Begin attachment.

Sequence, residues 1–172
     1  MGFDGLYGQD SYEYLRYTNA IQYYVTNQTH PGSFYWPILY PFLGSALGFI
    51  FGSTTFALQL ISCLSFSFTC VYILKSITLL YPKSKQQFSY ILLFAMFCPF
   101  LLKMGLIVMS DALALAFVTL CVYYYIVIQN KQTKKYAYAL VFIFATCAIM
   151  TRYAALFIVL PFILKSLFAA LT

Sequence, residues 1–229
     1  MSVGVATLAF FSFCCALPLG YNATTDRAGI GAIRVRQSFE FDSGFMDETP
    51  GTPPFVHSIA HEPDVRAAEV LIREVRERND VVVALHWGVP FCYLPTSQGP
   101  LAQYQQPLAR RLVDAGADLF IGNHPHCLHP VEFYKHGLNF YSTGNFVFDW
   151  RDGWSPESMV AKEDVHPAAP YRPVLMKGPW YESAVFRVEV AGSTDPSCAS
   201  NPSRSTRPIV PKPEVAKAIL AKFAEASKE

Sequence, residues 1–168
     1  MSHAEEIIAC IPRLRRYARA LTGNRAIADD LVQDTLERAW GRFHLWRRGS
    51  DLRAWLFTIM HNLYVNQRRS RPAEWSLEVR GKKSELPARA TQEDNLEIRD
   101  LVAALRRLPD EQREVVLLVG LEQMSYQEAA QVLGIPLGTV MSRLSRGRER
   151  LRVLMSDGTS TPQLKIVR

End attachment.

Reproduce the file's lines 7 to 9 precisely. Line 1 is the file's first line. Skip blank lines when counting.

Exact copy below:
     1  MSVGVATLAF FSFCCALPLG YNATTDRAGI GAIRVRQSFE FDSGFMDETP
    51  GTPPFVHSIA HEPDVRAAEV LIREVRERND VVVALHWGVP FCYLPTSQGP
   101  LAQYQQPLAR RLVDAGADLF IGNHPHCLHP VEFYKHGLNF YSTGNFVFDW